Best/worst sketch of the night


I’m assuming no one who’s reading this hasn’t watched the show already, but since it gave me the biggest, most thoroughly earned laugh I’ve gotten from SNL in years, here’s final warning to bail before we talk about “Farewell Mr. Bunting.” [Whistling, checking watch.] Okay. The beat-for-beat recreation of the last scene of Dead Poets Society was heading for something, some payoff that would, no doubt, take the wind out of the “Oh Captain, my Captain” denouement. Then… that happened. The patience in setting up the premise, and the attention to detail. The commitment to performance from everyone involved. All leading to… that thing. Nope, I don’t even feel like describing it in case anyone gets spoiled. It’s gross, it’s shocking, and it made me laugh in that grateful way you laugh when you respect just everything about a joke. All time SNL classic sketch.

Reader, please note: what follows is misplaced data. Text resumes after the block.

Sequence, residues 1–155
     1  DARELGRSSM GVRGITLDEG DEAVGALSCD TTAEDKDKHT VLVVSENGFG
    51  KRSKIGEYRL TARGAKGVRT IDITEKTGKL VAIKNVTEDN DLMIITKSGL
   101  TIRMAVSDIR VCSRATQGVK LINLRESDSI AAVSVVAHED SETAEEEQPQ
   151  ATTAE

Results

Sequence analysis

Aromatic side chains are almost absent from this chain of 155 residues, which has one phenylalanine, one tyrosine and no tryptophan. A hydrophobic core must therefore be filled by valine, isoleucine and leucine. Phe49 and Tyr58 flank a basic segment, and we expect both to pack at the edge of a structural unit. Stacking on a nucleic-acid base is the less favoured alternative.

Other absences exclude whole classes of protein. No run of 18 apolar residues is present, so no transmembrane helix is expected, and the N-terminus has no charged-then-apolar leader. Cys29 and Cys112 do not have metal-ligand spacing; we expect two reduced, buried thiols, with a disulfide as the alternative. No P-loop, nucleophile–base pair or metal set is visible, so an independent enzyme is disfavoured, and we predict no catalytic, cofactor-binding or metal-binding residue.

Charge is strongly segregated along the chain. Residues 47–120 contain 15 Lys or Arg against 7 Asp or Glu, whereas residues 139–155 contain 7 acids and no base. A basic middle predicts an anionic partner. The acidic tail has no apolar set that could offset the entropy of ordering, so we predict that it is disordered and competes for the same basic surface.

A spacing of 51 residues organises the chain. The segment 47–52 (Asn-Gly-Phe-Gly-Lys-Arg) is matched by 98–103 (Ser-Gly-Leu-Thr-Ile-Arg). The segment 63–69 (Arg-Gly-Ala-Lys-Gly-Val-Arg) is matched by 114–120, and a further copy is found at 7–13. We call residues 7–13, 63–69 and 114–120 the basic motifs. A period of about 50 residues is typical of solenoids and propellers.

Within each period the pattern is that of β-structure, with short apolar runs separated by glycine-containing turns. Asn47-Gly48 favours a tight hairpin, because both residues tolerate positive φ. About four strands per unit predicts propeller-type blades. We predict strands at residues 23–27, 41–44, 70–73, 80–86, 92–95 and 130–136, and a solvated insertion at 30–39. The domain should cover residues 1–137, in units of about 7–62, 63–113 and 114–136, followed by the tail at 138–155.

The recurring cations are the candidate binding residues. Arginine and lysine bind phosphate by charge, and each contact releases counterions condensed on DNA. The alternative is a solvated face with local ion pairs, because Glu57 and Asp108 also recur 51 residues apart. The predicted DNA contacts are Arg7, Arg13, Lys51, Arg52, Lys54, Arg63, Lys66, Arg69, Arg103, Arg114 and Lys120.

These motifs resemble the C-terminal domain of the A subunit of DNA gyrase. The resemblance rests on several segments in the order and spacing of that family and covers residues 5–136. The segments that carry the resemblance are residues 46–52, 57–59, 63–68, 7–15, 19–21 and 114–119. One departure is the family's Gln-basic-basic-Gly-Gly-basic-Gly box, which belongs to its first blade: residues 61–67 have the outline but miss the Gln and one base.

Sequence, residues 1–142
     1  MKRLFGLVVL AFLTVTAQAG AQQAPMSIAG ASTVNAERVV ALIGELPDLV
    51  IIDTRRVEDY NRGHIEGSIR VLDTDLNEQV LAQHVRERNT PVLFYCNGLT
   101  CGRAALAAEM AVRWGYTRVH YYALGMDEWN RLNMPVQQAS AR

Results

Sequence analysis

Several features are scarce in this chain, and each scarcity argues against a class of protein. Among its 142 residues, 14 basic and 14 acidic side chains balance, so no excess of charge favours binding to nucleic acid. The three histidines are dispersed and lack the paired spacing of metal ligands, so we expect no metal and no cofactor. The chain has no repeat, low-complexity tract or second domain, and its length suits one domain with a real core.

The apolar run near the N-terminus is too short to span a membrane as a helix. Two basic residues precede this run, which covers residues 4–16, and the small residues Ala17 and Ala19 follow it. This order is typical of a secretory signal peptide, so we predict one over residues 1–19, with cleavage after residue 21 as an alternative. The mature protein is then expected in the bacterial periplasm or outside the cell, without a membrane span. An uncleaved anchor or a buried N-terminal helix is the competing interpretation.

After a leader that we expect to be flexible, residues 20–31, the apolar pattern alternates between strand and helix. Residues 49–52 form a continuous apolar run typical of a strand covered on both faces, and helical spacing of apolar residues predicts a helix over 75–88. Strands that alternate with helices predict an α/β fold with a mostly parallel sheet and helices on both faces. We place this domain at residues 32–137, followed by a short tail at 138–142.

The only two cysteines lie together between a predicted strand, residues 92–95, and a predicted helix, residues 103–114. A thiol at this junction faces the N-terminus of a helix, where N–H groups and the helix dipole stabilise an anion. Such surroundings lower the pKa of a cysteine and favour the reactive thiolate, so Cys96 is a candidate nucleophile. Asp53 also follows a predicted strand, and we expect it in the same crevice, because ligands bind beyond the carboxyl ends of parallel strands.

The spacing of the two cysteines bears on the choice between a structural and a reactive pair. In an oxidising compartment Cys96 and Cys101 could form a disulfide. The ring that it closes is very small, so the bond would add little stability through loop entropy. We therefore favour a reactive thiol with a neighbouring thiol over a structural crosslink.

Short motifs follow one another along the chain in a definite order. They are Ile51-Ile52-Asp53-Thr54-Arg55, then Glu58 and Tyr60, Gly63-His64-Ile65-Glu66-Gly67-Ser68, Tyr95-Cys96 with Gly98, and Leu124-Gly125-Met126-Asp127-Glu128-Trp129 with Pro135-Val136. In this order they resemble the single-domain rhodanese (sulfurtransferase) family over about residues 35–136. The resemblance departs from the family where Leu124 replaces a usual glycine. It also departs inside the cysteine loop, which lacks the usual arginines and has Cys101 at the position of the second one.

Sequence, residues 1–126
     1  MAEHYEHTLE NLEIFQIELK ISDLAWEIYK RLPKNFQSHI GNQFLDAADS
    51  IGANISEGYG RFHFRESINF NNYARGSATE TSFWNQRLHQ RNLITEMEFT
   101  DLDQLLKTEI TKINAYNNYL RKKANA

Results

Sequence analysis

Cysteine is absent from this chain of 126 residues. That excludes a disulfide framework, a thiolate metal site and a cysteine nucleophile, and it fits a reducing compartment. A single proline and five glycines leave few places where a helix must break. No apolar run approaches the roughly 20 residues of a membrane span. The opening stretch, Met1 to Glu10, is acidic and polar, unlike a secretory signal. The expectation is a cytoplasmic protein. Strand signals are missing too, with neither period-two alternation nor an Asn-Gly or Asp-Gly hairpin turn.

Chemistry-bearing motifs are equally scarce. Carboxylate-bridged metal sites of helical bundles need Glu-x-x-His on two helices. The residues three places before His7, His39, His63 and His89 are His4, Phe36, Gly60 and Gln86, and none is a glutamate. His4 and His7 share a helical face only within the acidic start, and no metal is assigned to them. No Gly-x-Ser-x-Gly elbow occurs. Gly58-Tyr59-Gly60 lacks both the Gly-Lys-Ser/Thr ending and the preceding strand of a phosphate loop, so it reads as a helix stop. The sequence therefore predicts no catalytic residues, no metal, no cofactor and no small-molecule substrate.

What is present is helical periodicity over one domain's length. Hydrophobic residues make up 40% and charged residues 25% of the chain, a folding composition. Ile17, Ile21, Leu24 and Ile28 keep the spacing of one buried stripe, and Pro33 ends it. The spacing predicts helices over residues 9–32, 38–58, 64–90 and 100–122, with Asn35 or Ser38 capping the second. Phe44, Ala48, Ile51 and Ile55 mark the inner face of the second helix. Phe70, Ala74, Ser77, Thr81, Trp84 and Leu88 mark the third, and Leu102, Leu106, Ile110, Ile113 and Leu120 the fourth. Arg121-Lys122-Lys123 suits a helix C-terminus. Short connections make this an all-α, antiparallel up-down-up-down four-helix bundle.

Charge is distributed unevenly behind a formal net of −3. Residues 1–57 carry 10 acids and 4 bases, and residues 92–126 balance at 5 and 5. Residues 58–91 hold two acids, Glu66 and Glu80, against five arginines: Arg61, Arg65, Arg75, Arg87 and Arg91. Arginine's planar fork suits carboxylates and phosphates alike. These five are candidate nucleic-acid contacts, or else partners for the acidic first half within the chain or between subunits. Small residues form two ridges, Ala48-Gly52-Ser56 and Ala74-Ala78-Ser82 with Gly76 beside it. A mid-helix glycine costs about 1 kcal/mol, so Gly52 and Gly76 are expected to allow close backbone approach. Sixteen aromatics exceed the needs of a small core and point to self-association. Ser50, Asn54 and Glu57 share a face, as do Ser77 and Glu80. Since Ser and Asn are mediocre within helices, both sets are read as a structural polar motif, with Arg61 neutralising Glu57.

Sure, it’s a shameless bit o’ plugging on behalf of the new Lonely Island movie Popstar, but it was a rush to see “An SNL Digital Short” pop up unexpectedly, and Andy Samberg’s song about a woman with a “killing Bin Laden” fetish is so out of left field and funny that I’m not complaining.

The escape pod sketch, with Armisen’s lucky-draw spaceman working through the elaborate escape pod in-flight menu and entertainment selections before fleeing his doomed comrades, was exactly the sort of Armisen sketch that tries people’s patience. I’m more or less a fan, though, so seeing his Dean scrolling though his meal snd beverage choices made me laugh (and his pick of City Slickers 2 for his movie was oddly perfect).


For the first sketch after the monologue, the Lewis & Clark sketch (they pronounce the ampersand) was the weakest. Armisen, Cecily Strong, and Kyle Mooney acting out an educational play that quickly turns into a threesome rape fantasy in front of a classroom of high schoolers had its own specific energy, though, with victimized Mooney/Clark’s “Lewis, I told you how this had to go down for me to be okay with everything,” and Sasheer Zamata and Pete Davidson’s reactions as the students (and teacher Aidy Bryant’s spellbound enthusiasm) keeping the sketch afloat.

“What do you call that act?” “The Californians!”—Recurring sketch report